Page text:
×
Enjoying ad-free content?
Since July 1, 2024, we have disabled all ads to improve your reading experience.
This commitment costs us $10,000 a month. Your support can help us fill the gap.
Support us
Our journalism is banned in Russia. We need your help to keep providing you with the truth.

iPhones, Gaming Consoles Enter Russia As ‘Parallel Imports’ – Kommersant

Moskva News Agency

The first shipments of smartphones and game consoles under Russia’s so-called “parallel import” scheme have arrived in the country, Kommersant newspaper reported Thursday.

The scheme was designed as a way to maintain imports of consumer goods into Russia despite Western sanctions and an exodus of Western firms from the Russian market. 

Mobile retailer Svyaznoy was the first company to publicly announce it has taken advantage of “parallel imports,” according to Kommersant, topping up its inventories with the latest iPhone and Samsung smartphones, as well as PlayStation, Xbox and Nintendo game consoles.

Russia’s parliament passed legislation this week removing penalties for importing goods on a government-approved list – including cars, clothes and raw materials – without approval from trademark owners.

Other Russian retailers have declined to acknowledge if they, too, have imported consumer goods not originally intended for the Russian market. 

Electronic manufacturers in South Korea, Japan and the U.S. suspended sales in Russia after Moscow’s invasion of Ukraine in February.

The items that have arrived in Russia were likely originally intended for export to one of the other four ex-Soviet members of the Moscow-led Eurasian Economic Union – Armenia, Belarus, Kazakhstan or Kyrgyzstan.

Svyaznoy, according to Kommersant, promised that Russian consumers would not experience issues with activating the devices. 

But the cost of the “parallel import” goods will likely be significantly higher than the equivalent products sold in Russia before the start of the war.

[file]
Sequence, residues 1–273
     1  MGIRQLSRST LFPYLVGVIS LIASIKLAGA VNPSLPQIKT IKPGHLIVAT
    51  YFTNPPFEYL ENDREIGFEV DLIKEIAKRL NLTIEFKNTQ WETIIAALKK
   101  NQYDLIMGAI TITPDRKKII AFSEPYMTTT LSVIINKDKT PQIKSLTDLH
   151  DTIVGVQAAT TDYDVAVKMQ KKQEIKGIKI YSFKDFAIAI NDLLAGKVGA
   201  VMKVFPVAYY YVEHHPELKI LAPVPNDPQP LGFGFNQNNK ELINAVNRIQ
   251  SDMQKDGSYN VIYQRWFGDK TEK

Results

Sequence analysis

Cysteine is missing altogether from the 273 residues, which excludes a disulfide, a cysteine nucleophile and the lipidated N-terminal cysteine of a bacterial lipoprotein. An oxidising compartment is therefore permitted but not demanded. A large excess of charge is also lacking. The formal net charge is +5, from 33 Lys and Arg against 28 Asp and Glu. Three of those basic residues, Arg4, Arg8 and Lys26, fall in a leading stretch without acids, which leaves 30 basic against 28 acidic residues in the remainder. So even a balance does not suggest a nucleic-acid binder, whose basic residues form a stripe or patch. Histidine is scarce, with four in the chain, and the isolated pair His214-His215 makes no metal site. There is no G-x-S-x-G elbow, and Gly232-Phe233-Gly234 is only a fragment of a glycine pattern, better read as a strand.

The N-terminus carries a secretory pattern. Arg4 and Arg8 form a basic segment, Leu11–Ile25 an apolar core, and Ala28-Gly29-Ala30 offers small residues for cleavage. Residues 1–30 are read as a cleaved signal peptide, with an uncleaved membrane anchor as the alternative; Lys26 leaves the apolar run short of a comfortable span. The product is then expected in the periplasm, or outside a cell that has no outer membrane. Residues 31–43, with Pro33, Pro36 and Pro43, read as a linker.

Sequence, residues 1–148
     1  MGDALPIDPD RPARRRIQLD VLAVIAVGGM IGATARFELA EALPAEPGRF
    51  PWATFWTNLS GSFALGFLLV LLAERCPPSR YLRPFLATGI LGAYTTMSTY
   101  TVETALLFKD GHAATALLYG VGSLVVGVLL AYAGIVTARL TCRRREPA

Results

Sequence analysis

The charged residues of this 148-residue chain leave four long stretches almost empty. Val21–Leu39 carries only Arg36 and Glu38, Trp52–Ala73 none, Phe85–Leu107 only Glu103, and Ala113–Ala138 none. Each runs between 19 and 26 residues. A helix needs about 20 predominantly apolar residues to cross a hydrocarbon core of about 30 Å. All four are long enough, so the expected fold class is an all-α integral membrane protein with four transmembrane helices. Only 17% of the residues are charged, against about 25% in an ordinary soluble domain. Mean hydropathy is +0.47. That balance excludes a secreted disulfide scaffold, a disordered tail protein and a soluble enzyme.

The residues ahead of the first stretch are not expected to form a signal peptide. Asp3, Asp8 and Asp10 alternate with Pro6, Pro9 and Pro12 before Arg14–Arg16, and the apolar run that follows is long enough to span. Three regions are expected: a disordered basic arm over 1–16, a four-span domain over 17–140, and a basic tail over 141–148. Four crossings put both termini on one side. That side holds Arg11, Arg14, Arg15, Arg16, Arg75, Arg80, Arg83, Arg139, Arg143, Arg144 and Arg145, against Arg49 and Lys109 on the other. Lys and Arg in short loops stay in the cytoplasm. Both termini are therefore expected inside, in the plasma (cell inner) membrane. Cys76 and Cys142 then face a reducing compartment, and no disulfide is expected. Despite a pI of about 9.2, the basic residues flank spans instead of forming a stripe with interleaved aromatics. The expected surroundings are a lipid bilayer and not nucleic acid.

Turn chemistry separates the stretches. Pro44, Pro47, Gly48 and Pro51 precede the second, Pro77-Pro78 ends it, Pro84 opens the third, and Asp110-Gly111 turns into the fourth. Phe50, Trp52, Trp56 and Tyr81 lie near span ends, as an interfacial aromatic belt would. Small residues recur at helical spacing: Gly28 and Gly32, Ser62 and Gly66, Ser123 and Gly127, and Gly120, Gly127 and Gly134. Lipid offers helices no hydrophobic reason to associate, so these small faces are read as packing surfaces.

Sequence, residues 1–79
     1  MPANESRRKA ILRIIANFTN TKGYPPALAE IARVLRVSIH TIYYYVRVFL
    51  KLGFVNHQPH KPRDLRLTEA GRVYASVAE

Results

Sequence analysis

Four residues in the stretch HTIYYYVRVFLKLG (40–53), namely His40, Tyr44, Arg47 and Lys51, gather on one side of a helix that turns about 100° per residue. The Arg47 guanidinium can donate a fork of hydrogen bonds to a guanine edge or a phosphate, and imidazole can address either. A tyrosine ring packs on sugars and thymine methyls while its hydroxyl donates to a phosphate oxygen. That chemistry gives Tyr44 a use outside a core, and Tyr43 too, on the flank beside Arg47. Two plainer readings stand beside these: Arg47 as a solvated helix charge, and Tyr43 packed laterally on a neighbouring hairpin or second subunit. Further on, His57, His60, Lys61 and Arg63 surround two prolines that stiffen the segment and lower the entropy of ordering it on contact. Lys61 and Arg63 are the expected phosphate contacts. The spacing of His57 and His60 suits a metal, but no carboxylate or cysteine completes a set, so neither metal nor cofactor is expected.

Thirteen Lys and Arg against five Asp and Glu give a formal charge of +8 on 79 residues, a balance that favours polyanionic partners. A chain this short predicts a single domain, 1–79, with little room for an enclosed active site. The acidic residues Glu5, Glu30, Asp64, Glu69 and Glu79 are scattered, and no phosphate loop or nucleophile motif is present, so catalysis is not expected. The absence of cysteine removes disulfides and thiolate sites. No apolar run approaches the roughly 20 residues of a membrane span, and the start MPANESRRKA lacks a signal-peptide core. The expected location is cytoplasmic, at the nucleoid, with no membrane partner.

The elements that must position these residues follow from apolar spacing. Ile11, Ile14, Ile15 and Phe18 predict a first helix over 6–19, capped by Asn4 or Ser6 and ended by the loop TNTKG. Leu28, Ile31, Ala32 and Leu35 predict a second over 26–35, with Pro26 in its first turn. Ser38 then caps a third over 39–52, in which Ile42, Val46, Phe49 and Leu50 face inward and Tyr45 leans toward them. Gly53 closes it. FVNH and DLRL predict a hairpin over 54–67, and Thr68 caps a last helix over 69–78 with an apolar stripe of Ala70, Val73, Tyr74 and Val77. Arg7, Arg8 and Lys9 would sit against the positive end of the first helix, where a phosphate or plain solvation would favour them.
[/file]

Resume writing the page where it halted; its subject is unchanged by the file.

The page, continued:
Electronics prices could go up by as much as 20%, according to an unnamed industry source quoted by Kommersant.

However, Svyaznoy vowed to take on the warranty costs. 

“The costs were previously covered by the manufacturer, and now it’s the distributor who will pay,” Svyaznoy was quoted as saying.

… we have a small favor to ask. As you may have heard, The Moscow Times, an independent news source for over 30 years, has been unjustly branded as a "foreign agent" by the Russian government. This blatant attempt to silence our voice is a direct assault on the integrity of journalism and the values we hold dear.

We, the journalists of The Moscow Times, refuse to be silenced. Our commitment to providing accurate and unbiased reporting on Russia remains unshaken. But we need your help to continue our critical mission.

Your support, no matter how small, makes a world of difference. If you can, please support us monthly starting from just $2. It's quick to set up, and you can be confident that you're making a significant impact every month by supporting open, independent journalism. Thank you.

Once
Monthly
Annual
Continue
paiment methods
Not ready to support today?
Remind me later.

Read more